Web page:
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Racing with a mobile phone?

Does anyone carry a mobile when out on the bike (racing, not training)?  I like to travel as light as possible but after a recent experience I'll be reviewing my policy!..

I competed in the popular NW Tri (part of the UK Triathlon Series) on 14th Sept. Having done the same event in 2013 (my first tri), I was looking forward to gauging my improvement.  The swim went well, and I settled into the bike quickly and felt good. Unfortunately I suffered a mechanical failure just on the five mile mark. I waited twenty minutes into the hopes a support car would come, but no luck.  I walked up the first major turn, no marshal there. With a wife and child waiting back at the start I knew they would be getting anxious, so I started walking back to the start, hoping a support car or bike would be along soon enough...

I walked some three miles in my cleats, which became so painful I had to walk barefoot for the last mile.  Fortunately a kind competitor who had already finished the race stopped his car and gave me a lift the remaining couple of miles.

Perhaps I should have been better prepared by carrying a phone, but I think this asks some serious questions of the marshalling of such a large event (on open public roads).  

I raised this concern with the event organisers and failed to receive a satisfactory response.

On a more positive note I can only praise my fellow triathletes, many of whom asked if I was ok as they sped past with me hobbling in the other direction!

 

Comments

  • HarryDHarryD Posts: 419

    Sorry that you had a poor experience but to be honest these things happen. Dealing with the bad stuff is part of sport as much as sprinting down the finish chute to the acclaim of others.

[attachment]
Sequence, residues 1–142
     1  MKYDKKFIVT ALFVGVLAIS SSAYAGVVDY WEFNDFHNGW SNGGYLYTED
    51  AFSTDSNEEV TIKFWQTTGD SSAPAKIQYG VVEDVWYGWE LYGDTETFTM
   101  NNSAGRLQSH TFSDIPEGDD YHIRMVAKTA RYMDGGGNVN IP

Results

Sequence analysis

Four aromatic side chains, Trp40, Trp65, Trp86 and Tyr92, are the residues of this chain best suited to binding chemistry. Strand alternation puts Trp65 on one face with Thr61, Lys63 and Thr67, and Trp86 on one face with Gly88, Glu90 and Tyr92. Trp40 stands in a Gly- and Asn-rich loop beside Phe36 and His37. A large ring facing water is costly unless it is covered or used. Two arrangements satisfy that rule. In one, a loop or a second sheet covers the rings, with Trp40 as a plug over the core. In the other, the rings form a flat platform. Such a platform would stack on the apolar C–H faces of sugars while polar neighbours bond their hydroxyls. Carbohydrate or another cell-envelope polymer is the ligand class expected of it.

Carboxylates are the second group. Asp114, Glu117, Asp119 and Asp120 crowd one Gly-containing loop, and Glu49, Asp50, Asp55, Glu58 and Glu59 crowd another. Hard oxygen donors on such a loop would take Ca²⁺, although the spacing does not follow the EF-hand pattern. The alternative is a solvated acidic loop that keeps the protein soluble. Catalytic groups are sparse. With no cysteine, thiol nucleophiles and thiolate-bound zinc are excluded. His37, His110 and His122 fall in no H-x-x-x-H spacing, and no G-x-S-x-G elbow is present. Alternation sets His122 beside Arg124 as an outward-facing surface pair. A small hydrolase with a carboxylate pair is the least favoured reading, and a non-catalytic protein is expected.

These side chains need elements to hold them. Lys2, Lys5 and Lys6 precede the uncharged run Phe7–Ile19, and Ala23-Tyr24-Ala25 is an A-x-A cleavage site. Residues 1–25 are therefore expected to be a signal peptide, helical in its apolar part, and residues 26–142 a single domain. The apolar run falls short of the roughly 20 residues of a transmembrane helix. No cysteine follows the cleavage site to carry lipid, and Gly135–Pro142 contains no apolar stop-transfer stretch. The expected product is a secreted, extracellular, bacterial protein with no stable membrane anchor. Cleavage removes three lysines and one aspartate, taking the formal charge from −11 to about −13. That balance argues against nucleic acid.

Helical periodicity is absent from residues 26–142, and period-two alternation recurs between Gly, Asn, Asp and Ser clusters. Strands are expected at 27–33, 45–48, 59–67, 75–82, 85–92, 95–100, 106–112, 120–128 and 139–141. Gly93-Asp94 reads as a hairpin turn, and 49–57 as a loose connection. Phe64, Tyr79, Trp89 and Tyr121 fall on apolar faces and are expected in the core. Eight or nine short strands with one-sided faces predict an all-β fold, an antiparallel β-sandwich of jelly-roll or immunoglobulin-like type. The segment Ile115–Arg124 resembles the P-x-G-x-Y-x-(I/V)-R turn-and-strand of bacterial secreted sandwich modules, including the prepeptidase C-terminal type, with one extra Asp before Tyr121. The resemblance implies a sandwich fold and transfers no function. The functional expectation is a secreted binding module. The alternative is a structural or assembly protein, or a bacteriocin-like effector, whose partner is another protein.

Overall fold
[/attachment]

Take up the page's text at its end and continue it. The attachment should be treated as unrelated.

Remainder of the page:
As a competitor you are responsible for your equipment and making sure it is safe, well maintained and reliable not the organiser. That's what the rules say. I've seen fellow competitors carry out serious roadside repairs at both Helvellyn and Aviemore including breaking and re-riveting chains so they can carry on. I've also seen many retire with punctures because they cannot fix the simplest of problems.

    At our local tri I was the mobile support for the bike leg but my priority was the safety of competitors & yes I had a box of spares and all my bike tools with me just in case. I was in radio and telephone contact with all the bike marshals so could have responded to your mechanical. Not all events are able to offer this. We deliberately didn't marshal all of the junctions because not all junctions had mobile telephone reception and we didn't want competitors reporting incidents to marshals who couldn't have done anything about it.

    Working out the likely problems in advance and making plans for them may be a better bet than taking a mobile phone

  • I agree that having a bad day makes the good ones what they are, so to speak.  However I wonder what would have happened in the case of an accident? If I had come off, how long would I have lain on the road?

    I always carry basic tools and have suffered punctures in races, rpeaired them and  just carried on. This was a different story, my rear mech broke off hit the frame and cracked it.  I could not have foreseen this before the race and had thoroughly checked the bike before racking. It was just one of those things.  I am quite sure mobile support would not have been able to repair but could at least have attempted recovery.

  • HarryDHarryD Posts: 419

    Agree about the accident concern. The assumption is that fellow competitors will be the first there and will either help or let the next marshal know. Of course the marshal can only act if they have communication to call up an ambulance/defib/ other help or can provide first aid. Ours could but I'm not sure about other events

    As part of the event registration process with BTF the organiser has to detail the emergency procedures that will be in place. The events I've been involved with have robust procedures but I'm not certain about others

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